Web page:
Fiddling about with stocks, funds, etc. No conspiracy theories, please.

717 posts in this topic

On 02/12/2019, 18:08:09, fraufruit said:

I'm sorry that no one has gotten back to you. I don't know how to advise non EU people about investing in Germany. Maybe someone will read this and help.

 

While I'm here, is anyone invested in Varta? Himself is up 458% after buying some at the beginning of the year. Of course, he shoulda, woulda, coulda bought more.

 

Thank you, i didn't visit for a while but some people have responded. One more question as I see you are also very active in the real estate threads too. I want to buy a small apartment in about 18 months to 2 years, or when I can find something I like and can afford, I already have some money saved up and would like to use the time till then to to save up about 20% of the downpayment, do you think its best to just leave the money in a sparcard account with the ridiculous 0.001% interest rate and try and invest in ETFs and liquidate when i need it. I know the market isn't exactly stable and dependable but it seems the money will loose value just sitting in the account. I'm also happy to hear others opinion.

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1 minute ago, BethAnnBitt said:

You might try Deep L. It's regarded as a much better translator.  I learned about it from a software language translation expert.

Good to know, i will, thanks.

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5 minutes ago, Alteregouc said:

do you think its best to just leave the money in a sparcard account with the ridiculous 0.001% interest rate and try and invest in ETFs and liquidate when i need it.

 

You would need to know what fees and commissions you would have to pay to buy/sell the ETF to see if it is worthwhile. Maybe you just invest part of it.

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1 hour ago, Alteregouc said:

 

Thank you, i didn't visit for a while but some people have responded. One more question as I see you are also very active in the real estate threads too. I want to buy a small apartment in about 18 months to 2 years, or when I can find something I like and can afford, I already have some money saved up and would like to use the time till then to to save up about 20% of the downpayment, do you think its best to just leave the money in a sparcard account with the ridiculous 0.001% interest rate and try and invest in ETFs and liquidate when i need it. I know the market isn't exactly stable and dependable but it seems the money will loose value just sitting in the account. I'm also happy to hear others opinion.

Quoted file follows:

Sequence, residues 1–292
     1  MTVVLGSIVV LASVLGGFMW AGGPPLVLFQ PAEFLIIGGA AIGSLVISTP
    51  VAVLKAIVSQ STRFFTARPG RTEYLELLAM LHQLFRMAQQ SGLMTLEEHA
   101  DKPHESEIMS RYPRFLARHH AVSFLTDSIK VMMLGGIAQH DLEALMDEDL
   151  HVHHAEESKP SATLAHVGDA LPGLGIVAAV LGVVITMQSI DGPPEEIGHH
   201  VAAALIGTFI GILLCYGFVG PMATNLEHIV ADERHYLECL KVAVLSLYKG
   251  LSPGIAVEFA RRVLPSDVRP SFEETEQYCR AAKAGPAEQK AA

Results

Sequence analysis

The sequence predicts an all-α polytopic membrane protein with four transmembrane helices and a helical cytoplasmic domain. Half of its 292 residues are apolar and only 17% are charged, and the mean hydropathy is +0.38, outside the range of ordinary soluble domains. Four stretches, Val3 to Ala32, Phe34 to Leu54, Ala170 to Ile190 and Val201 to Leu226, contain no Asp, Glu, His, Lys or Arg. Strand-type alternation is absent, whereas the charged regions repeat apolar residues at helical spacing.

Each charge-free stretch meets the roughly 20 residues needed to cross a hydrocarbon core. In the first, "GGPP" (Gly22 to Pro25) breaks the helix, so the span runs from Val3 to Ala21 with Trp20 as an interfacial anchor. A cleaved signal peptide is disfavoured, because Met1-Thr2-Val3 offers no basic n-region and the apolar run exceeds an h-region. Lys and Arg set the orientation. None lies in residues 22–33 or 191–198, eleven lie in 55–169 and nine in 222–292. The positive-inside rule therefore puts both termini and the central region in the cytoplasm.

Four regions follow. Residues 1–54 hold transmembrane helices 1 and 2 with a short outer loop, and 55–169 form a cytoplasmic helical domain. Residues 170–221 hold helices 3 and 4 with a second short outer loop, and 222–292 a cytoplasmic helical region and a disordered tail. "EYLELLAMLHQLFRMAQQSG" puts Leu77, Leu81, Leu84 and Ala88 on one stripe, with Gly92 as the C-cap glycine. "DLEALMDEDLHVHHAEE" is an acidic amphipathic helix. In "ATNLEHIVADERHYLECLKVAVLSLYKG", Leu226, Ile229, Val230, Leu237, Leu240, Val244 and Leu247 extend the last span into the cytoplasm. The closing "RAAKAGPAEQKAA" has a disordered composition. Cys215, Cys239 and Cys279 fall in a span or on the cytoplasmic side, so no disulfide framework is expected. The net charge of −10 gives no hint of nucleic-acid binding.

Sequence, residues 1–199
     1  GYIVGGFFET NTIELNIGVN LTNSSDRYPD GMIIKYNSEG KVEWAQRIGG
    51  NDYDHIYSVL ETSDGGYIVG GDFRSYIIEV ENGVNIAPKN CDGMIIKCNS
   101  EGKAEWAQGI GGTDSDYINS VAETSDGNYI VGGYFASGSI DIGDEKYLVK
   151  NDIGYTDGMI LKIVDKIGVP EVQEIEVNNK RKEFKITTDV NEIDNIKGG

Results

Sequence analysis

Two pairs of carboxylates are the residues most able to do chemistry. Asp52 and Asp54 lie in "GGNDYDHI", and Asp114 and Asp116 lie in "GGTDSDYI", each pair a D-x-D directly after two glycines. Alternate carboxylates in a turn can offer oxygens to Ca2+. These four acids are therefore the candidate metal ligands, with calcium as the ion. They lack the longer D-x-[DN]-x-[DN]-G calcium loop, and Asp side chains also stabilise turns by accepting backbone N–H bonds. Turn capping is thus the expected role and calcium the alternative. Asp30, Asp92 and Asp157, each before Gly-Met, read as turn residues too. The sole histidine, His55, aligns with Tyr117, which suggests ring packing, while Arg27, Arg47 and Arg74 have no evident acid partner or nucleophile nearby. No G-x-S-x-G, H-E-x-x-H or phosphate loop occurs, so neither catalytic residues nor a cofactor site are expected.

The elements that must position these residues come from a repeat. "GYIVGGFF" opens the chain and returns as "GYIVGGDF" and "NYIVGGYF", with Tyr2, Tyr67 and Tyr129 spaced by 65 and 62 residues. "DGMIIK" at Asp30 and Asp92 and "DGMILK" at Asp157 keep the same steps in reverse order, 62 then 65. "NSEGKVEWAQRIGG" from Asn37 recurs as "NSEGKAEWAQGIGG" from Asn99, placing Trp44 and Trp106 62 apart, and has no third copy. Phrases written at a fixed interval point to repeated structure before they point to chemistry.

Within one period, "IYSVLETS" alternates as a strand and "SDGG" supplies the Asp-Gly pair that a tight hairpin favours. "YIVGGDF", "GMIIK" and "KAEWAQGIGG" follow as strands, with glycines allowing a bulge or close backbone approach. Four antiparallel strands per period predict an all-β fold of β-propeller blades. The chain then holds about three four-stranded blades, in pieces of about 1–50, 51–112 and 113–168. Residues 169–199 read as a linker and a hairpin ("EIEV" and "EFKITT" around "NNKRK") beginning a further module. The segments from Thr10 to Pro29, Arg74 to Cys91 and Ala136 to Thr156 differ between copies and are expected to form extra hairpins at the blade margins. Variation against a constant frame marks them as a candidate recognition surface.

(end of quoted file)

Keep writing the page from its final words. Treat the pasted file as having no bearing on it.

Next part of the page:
Where do you want to buy? Within the Eurozone or elsewhere. If in the US I´d recommend a short-term debt fund like e. g. ICSH (yielding about 2.6%). Within the Eurozone I´m not aware of any ETF I´d recommend for such a short time period and with as little risk as you need for that purpose.

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18 hours ago, fraufruit said:

 

You would need to know what fees and commissions you would have to pay to buy/sell the ETF to see if it is worthwhile. Maybe you just invest part of it.

Thanks. I will take that into consideration

18 hours ago, BethAnnBitt said:

You might try Deep L. It's regarded as a much better translator.  I learned about it from a software language translation expert.

Good to know, i will, thanks.

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17 hours ago, jeba said:

Where do you want to buy? Within the Eurozone or elsewhere. If in the US I´d recommend a short-term debt fund like e. g. ICSH (yielding about 2.6%). Within the Eurozone I´m not aware of any ETF I´d recommend for such a short time period and with as little risk as you need for that purpose.

Eurozone, I am not a citizen of the US. Okay thanks, i will have to think it through

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1 hour ago, Alteregouc said:

Eurozone, I am not a citizen of the US. Okay thanks, i will have to think it through